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Michigan State University students rallu at the Michigan Capitol in downtown Lansing on Feb. 15, 2024. (Alyssa Burr)

On the steps of the Michigan Capitol on Feb. 15, tears flowed as Maya Manuel, a student at Michigan State University, described what it means to live through a mass shooting.

Expressing the grief, anger and empathy that come with a tragedy like the one that occurred on MSU’s campus just one year before remains a tiresome and ongoing challenge, Manuel said. She feels it’s necessary, though, to use her pain to continue to push for policies that can prevent more innocent lives from being lost to gun violence. 

“I am exhausted. I’m truly exhausted,” Manuel said. “But it is worth every law. It is worth every life and every reality that we will change.”

Members of the Spartan community rallied at the state Capitol to commemorate the anniversary of the mass shooting on MSU’s campus in East Lansing and remember the lives that were lost.

On Feb. 13, 2023, a gunman killed MSU students Arielle Anderson, 19, Alexandria Verner, 20, and Brian Fraser, 20, and injured five others. A few hours later, police found the gunman off campus, dead of an apparent self-inflicted gunshot wound.

In the days after the shooting, MSU students flocked to the Capitol, protesting the state’s lax gun laws and pleading with lawmakers to take action to reform them. Soon after, the Legislature’s Democratic majority introduced and passed a comprehensive package of gun reform bills. Democratic Gov. Gretchen Whitmer signed the legislation into law on April 13, 2023, at Spartan Stadium, but the laws didn’t go into effect until this month, on the first anniversary of the shooting.

The new laws expand background checks, require safe storage, and allow judges to issue “red flag” protection orders prohibiting gun possession by people officially determined to be a threat to themselves or to others. Democratic legislators had actually proposed the bills after the 2021 Oxford High School shooting, which left four dead and seven injured, although they received little traction at the time in the Republican-dominated Legislature.

“Once we won the majority, we knew we were going to be able to pass these laws. So our plan was to get it ready as quickly as we could, try to get the packages through the Senate,” said Democratic state Sen. Rosemary Bayer, who represented Oxford, according to the Associated Press. “Then Michigan State happened, and the governor just looked at us and said, ‘I want to do it right now.’”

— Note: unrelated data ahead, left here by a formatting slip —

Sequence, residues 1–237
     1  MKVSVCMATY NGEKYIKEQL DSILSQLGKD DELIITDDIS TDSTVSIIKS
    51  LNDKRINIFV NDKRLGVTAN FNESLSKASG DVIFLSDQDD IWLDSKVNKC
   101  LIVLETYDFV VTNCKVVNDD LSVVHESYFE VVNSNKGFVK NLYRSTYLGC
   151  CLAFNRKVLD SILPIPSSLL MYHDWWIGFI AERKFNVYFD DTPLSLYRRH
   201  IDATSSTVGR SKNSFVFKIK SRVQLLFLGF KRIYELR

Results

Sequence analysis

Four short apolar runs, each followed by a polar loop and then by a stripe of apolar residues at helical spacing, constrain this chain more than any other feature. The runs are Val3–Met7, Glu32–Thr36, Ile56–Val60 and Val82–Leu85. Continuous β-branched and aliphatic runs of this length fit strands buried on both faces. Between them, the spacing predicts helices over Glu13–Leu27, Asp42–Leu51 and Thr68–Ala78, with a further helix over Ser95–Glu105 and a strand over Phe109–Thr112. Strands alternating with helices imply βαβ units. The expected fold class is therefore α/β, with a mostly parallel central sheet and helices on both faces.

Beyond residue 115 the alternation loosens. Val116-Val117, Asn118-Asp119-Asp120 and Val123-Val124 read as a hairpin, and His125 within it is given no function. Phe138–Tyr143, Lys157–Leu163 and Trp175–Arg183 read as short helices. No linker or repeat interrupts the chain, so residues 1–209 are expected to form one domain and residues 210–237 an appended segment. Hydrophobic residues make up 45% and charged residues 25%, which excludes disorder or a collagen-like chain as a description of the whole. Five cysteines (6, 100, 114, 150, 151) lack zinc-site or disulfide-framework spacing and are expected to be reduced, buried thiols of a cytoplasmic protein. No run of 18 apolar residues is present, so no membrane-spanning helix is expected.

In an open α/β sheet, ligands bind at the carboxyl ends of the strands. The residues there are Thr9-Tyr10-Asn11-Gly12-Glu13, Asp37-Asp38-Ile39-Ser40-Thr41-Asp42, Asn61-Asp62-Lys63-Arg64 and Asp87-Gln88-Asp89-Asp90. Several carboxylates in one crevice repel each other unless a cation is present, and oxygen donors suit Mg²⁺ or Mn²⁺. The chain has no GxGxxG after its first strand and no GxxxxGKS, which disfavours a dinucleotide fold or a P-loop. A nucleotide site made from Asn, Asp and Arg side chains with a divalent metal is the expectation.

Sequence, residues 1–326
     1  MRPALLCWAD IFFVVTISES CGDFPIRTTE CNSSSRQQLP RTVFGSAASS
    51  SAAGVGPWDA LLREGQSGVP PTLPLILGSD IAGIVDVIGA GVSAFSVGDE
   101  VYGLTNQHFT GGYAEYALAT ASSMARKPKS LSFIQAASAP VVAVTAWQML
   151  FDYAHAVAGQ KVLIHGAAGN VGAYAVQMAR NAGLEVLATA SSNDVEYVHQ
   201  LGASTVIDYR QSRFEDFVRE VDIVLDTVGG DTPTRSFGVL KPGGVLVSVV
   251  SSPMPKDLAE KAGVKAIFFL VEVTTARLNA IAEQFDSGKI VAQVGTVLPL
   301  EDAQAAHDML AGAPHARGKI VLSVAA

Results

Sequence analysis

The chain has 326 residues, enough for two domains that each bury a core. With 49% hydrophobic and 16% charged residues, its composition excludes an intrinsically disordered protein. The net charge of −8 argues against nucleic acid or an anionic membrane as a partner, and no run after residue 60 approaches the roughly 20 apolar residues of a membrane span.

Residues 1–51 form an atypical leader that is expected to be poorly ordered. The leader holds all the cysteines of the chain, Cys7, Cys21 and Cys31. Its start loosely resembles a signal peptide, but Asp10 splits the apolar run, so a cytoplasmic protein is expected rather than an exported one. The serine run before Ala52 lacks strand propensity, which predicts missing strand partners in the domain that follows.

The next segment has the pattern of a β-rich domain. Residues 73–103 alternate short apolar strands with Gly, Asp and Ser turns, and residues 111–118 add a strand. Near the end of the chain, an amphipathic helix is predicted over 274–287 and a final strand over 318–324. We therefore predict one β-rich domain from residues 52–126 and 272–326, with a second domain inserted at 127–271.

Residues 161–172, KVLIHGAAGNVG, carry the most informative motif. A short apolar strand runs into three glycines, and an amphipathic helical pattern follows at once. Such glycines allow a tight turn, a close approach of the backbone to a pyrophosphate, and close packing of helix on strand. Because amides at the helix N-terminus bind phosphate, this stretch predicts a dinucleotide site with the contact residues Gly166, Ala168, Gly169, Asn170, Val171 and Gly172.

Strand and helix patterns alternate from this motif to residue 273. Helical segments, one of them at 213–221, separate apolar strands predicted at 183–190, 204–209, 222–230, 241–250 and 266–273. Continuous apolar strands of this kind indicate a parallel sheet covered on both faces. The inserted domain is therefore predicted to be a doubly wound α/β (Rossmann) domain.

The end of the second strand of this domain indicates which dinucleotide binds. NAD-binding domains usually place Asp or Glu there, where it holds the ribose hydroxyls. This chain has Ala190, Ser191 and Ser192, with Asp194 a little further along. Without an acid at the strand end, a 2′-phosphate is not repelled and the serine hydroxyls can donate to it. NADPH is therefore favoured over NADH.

A separate bill increasing the length of the ban on gun possession after a domestic violence conviction passed separately. All four laws took effect Feb. 13.

Michigan Attorney General Dana Nessel said in a statement that the new laws are an important step forward.

“When our neighbors, our friends, our children are dying by firearms at ever-increasing rates, we need to be doing much more and I am proud of the steps Michigan has taken to answer that call,” Nessel said. “I pledged to do more than just offer thoughts and prayers in response to the tragedies that occurred at MSU and Oxford High School. My department worked closely with Governor Whitmer and the Michigan legislature to fulfill that promise, resulting in the gun safety laws that take effect today.”

The laws create multiple avenues for preventing future shootings.

The “red flag” law allows family members, mental health workers, law enforcement and others to ask a judge to order firearms be removed from the possession of people they believe pose a risk of carrying out gun violence. The safe storage law requires gun owners to safely lock up their weapons and ammunition when minors are present.

“While this is tremendous progress, our work here is not done, and we must all commit, today and every day, to continue the work we started in addressing this crisis,” Nessel said.

Jo Kovach was the student body president at Michigan State last year and now advocates for gun safety reform with Students Demand Action and Everytown for Gun Safety. Kovach echoed Nessel’s remarks: The new laws can change lives, but the work can’t stop until no more lives are lost to gun violence. 

“When shoot first or ‘stand your ground’ laws are still on the books that take an additional 150 people a year on average, there’s work to be done. When guns can be openly carried into sensitive spaces to intimidate others, like at the Capitol or at a demonstration, there’s work to be done,” Kovach said.  “As long as there are not strict laws in place, mass funding for social services to prevent violence of communities historically ravaged by firearms, and as long as guns can still make it into the wrong hands, there’s still work to be done.”

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